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eating wisely by Shubhra Krishan dressed

Gently cooked veggies create salads that nourish you on cold days and go easy on your digestion.

For a favorite winter meal, Cynthia Copjtetosses cooked dark greens with golden roasted squash and drizzles it all with a slightly tangy dressing. As much as Copple, dean of Mount Madonna institute's College of Ayurveda in Watsonville, California, loves vegetables and salad, when the weather turns cold, she opts for cooked vegetables. "After 2 6 years of working with clicnts, I've found that eating raw foods can increase the tendency toward getting coldsand having congestion. Warm eating wisely cooked food in the winter makes you feel warm and nurtured,'' she says.

When the weather turns cold, you may find yourself less interested in raw, light salads, and craving something warm and hearty instead. That's good intuition on your part, says Devendra Trig tin a. president of the All India Ayurvedic Congress, an organization based in Delhi and made up 0f40,00Q Ayurvedic practitioners, because eating raw produce in the cooler months can strain your digestive system. Those who practice Ayurveda, the traditional holistic medicine of India, believe that raw fruits and vegetables cause your agni (digestive fire) to work harder as it breaks down food so that your body can assimilate the nutrients.

"Uncooked vegetables deplete the metabolic fire in each cell and especially in the digestive system,"Triguna says. "They produce heaviness in the stomach. Unable to process these cold foods completely, the agni is forced to leave behind ama, a toxic residue that wreaks havoc in the form of gas, bloating, and stomachache."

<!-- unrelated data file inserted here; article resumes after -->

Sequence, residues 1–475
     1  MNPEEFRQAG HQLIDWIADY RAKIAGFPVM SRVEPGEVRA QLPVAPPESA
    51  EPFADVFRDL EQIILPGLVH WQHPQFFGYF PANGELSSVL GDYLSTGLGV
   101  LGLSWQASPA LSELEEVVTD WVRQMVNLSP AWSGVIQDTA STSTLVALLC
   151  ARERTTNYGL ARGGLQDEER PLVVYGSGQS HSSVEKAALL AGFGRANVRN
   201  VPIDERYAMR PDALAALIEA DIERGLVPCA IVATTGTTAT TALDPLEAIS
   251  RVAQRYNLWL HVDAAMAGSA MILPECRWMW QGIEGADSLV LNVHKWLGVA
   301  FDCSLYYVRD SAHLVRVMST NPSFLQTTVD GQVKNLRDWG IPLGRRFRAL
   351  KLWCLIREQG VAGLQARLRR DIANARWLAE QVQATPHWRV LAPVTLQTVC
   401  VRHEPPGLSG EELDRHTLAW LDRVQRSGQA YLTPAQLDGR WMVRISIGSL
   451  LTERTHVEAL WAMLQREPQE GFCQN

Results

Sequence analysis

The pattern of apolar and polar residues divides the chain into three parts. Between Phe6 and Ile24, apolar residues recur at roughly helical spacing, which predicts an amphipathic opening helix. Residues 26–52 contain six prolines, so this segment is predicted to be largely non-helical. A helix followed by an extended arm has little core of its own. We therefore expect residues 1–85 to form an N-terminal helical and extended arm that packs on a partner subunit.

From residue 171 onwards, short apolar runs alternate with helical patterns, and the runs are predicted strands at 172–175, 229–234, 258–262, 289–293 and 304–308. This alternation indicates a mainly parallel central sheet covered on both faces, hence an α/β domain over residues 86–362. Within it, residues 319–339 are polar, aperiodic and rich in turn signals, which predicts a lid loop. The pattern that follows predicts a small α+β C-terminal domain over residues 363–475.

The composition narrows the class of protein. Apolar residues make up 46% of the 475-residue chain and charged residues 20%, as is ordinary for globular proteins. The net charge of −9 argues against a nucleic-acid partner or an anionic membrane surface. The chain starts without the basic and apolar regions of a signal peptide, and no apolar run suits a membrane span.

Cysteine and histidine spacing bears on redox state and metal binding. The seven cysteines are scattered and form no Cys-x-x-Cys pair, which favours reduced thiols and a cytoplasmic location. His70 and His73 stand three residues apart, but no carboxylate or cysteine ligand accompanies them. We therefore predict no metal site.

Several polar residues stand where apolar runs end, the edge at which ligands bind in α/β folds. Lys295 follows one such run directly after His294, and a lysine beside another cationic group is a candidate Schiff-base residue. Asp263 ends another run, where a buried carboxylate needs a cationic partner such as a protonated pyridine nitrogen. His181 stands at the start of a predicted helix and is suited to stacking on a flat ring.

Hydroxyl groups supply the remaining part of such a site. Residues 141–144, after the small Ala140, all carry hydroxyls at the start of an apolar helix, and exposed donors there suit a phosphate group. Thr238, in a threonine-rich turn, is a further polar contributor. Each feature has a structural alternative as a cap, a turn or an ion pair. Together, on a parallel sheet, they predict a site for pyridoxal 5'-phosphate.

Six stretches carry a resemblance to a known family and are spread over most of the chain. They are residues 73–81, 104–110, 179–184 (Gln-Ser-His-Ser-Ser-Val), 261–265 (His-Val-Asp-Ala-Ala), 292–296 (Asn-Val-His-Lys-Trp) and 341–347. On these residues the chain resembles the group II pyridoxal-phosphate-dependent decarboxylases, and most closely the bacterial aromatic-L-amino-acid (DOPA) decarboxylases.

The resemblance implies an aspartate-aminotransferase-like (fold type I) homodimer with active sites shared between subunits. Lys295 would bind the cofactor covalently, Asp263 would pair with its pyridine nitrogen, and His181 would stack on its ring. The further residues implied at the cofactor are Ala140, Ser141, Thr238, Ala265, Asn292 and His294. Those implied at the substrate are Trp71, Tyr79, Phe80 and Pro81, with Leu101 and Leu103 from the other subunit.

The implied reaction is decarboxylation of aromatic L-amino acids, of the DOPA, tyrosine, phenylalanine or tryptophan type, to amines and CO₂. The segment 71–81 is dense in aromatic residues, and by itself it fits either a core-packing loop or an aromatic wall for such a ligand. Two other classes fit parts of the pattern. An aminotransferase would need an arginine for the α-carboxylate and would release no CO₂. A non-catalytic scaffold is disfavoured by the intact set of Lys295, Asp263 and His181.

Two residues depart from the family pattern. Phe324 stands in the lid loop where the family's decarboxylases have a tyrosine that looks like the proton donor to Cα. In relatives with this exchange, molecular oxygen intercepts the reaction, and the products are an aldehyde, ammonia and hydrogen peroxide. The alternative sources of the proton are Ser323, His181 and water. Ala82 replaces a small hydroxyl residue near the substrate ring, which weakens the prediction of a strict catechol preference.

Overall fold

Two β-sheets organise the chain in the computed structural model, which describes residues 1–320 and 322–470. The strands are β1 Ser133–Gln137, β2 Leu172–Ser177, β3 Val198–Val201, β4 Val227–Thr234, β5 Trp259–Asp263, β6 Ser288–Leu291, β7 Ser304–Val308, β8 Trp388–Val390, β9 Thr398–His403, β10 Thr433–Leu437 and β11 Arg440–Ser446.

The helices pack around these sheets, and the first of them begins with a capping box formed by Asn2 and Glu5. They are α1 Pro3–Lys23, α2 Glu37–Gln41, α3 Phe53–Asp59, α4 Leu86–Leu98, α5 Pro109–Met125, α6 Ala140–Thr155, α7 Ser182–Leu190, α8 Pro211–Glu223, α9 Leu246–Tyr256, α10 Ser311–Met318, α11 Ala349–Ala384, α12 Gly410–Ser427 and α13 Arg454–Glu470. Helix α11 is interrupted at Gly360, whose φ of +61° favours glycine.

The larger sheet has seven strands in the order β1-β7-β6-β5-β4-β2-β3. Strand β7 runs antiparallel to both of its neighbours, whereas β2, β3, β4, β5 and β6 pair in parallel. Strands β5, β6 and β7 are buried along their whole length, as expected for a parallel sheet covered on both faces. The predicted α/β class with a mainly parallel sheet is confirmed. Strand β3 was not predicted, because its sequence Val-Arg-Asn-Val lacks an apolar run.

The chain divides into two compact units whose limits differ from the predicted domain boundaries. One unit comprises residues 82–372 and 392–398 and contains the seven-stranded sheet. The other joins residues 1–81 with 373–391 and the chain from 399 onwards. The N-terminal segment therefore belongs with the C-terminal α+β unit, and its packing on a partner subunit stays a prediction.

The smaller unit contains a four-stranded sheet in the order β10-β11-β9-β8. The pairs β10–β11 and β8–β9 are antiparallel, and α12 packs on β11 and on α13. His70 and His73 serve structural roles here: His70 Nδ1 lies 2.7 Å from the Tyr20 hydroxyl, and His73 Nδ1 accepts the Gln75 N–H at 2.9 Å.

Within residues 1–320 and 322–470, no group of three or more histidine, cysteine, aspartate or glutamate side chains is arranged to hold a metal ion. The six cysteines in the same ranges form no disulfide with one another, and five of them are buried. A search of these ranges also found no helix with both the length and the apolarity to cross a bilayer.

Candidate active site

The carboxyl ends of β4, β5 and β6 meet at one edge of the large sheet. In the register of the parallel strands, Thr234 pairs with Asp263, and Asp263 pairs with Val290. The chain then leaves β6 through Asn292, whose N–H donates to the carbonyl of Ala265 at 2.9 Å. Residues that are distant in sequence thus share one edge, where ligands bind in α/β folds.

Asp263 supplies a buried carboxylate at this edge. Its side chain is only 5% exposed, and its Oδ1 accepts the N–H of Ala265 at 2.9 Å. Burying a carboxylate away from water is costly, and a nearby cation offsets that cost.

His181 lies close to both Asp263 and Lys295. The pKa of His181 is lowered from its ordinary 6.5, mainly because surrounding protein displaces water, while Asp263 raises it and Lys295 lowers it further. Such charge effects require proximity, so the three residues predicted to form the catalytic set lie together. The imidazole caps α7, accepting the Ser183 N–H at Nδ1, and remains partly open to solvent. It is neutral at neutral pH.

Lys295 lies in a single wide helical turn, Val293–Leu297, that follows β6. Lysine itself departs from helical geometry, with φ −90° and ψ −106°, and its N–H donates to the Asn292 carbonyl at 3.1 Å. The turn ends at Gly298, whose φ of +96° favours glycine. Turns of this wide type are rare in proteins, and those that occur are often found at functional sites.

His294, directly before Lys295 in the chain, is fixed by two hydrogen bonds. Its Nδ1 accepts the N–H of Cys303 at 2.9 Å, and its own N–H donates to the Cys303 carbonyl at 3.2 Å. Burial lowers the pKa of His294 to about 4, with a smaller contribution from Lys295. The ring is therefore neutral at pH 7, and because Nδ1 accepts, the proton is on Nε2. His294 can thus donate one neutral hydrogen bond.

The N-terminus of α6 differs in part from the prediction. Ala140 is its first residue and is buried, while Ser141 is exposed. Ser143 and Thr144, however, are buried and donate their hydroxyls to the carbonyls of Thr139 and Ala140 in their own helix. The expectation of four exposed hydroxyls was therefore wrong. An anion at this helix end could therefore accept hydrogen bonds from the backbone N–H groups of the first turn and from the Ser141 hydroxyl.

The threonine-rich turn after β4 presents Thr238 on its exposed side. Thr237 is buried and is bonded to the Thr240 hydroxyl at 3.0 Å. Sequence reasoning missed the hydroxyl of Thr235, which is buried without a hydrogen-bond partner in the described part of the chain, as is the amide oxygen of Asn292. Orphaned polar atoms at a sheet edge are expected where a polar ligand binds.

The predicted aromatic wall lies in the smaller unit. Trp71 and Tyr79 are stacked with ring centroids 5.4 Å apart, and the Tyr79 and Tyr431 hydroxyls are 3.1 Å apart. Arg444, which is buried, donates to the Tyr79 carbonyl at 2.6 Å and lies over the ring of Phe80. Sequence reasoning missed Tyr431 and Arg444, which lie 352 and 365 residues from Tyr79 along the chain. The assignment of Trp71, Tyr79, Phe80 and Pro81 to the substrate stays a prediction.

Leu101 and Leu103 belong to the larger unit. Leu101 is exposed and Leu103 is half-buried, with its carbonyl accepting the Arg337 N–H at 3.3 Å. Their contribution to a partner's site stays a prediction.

I learned this the hard way I munched for years on big leafy saladsduring the winter and later felt uneasy and bloated. It wasn't until I learned more about Ayurveda and agni that I began to see the pattern in my body and learned to enjoy cooked salads during the cold season. "Our stomach is not made for raw things," says Triguna. "In cold weather, everything should be eaten in the cooked form." It's a simple enough idea: By breaking down rough, fibrous veggies with a little roasting, steaming, or sauteing, I give my agni a head start so it can digest everything more easily and completely A robust agni means a happy tummy and agreater sense of overall well-being. With that information in hand, I found myselfhecoming aconnois-seur of warm or room- temperature salads that include a diversity of cooked vegetables and grains.

BUILD A BETTER BOWL Salads have long been a darling among nutritionists and health nuts alike, who find them a good way to get the recommended nine daily servings of fruits and vegetables. 1 generally make composed salads with separately prepared ingredients bound together by a delicious dressing. Some favorites include cooked carrots and yams tossed with lemon juice and olive oil and arranged over warm brown rice that wilts the bed of greens underneath; or a roasted beet salad whose soothing yogurt-based dressing turns pink from the beet juice.

Copple and Triguna suggest skipping the raw lettuce and roasting, sauteing, wilting, baking, steaming, or blanching the components ofyour salad.Think sau-téed red cabbage with toasted hazelnuts in a ginger-yogurt dressing. Ifyou're concerned that cooked veggies have fewer nutrients than fresh ones, take note: In a study published this year in th & Journal of Food Science, researchers showed that some vegetables, including carrots and green beans, actually have higher levels of antioxidants after they've been cooked.

Like Copple, I'm partial to the flavorful dark, leafy greens that prosper in cold

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